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Letter to the Editor: The question of citizenship

To the Editor:

A baby born to illegal aliens while on U.S. soil is automatically a citizen. Right? But the story should not and must not end there. Unlike other illegals, parents of these children are normally granted instant residency allowing them to remain anchored in the country. Thus, the genesis for the euphemism “anchor babies.”

Legislation was introduced in Congress a number of years ago that sought to amend the Immigration and Nationality Act by denying citizenship at birth to children born in the United States of parents who are not citizens or permanent resident aliens. Introduced in 2005, HJR 698 sought to forbid citizenship to any child born in the United States unless at least one of the parents is either a citizen or an alien who has been admitted for permanent residence. Questioning the constitutionality of HJR 698 opponents pointed to what appeared to be the unambiguous language of the Constitution’s 14th Amendment to make their case. The relevant part of that amendment states: “All persons born or naturalized in the United States and subject to the jurisdiction thereof, are citizens of the United States.”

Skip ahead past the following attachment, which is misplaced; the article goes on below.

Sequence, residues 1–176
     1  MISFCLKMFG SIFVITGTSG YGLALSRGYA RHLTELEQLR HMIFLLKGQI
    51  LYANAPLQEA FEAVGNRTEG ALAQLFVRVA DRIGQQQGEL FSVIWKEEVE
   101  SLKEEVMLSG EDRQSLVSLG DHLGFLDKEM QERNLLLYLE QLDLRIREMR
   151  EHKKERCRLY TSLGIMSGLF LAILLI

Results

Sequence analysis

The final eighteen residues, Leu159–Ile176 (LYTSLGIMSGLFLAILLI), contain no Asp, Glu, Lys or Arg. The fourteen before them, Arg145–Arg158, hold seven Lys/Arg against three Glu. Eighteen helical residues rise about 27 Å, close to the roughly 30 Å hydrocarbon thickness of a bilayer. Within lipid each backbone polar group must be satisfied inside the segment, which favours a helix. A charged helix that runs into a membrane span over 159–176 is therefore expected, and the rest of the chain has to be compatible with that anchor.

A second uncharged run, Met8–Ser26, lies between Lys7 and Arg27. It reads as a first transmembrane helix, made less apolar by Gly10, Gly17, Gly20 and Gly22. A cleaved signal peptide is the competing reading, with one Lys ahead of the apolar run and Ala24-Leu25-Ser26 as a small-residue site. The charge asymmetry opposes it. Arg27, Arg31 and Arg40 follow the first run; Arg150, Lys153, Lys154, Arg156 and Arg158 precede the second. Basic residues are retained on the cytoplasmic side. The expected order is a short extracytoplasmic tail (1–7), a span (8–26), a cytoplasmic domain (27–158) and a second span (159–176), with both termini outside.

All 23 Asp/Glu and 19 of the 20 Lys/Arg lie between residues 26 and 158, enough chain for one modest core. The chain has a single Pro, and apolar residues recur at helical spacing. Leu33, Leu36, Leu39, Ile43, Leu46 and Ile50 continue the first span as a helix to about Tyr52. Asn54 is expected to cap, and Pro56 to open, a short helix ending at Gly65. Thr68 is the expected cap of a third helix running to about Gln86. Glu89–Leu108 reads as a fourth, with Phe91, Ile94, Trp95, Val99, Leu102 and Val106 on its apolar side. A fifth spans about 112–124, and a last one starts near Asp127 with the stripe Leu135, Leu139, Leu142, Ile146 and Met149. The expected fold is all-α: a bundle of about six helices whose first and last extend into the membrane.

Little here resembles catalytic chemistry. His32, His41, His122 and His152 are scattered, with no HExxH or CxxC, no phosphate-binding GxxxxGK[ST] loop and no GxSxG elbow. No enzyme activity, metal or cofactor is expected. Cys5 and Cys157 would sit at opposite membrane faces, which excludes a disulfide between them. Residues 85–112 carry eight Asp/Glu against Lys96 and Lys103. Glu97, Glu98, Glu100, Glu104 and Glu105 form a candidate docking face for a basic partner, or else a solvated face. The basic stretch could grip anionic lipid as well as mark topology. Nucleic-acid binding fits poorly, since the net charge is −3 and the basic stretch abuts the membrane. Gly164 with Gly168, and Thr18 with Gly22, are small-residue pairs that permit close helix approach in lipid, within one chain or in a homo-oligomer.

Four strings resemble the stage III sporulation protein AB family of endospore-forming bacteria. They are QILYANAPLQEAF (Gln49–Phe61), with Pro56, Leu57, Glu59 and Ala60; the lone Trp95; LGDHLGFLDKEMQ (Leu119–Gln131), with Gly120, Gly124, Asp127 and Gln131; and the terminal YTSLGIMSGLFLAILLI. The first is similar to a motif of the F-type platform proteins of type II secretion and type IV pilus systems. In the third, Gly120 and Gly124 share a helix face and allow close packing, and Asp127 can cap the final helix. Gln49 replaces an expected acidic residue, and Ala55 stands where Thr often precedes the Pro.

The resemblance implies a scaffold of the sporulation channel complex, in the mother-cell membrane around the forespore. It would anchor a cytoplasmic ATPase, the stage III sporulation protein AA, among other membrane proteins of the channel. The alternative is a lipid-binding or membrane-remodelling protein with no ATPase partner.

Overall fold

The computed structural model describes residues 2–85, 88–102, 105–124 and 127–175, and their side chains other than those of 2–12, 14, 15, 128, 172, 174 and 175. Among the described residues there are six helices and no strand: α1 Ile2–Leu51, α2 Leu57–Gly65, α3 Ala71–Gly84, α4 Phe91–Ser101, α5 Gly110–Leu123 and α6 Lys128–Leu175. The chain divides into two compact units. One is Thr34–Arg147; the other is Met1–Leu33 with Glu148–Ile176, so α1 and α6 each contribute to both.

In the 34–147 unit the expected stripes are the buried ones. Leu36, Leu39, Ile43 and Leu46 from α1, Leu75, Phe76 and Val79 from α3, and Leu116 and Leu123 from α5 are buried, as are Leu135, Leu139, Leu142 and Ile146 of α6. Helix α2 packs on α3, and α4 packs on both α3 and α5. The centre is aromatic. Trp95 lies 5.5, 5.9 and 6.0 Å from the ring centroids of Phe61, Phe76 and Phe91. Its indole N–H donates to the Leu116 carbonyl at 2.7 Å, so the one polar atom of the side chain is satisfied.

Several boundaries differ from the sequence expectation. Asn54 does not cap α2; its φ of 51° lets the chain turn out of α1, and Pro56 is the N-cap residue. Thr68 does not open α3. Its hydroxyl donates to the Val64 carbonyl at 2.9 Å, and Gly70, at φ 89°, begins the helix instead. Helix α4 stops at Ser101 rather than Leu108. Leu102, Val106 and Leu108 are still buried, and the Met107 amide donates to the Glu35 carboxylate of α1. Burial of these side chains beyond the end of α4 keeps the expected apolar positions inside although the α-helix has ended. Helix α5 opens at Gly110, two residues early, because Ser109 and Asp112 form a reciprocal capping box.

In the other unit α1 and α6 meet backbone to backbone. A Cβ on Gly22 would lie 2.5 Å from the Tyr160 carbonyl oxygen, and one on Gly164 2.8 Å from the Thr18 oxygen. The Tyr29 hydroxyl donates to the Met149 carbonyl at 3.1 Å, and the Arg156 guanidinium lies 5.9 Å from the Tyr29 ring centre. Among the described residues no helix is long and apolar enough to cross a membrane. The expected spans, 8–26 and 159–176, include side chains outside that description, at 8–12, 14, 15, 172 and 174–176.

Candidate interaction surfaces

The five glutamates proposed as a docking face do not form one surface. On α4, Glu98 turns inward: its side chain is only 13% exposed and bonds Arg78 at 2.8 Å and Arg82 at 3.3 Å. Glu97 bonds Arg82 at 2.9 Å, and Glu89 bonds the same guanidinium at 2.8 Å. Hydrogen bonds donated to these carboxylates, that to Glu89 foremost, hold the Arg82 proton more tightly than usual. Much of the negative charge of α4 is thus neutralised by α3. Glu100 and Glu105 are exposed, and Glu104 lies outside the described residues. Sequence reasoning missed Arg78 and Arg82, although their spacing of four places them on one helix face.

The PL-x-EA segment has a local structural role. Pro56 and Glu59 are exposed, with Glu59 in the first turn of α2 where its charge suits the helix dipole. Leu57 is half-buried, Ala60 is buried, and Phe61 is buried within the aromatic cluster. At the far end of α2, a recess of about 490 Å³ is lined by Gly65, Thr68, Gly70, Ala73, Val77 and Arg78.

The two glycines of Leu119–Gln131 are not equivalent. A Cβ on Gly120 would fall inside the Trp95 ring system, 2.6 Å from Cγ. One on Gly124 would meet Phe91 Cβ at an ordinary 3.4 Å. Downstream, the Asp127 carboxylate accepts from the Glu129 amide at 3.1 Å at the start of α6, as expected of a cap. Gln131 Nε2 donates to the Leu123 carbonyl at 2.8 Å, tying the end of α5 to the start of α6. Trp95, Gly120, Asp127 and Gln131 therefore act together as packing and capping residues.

Writing in the Harvard Journal of Law & Public Policy, 465 [1999], Charles Wood noted that “in the common law the allegiance of the parents were imputed to the child born on the sovereign’s territory.” In other words, if there were no allegiance to the United States by the newborn’s parents, the same would be said of the child. Thus, no citizenship would be recognized even if the child was born on American soil.

John R. Stoeffler

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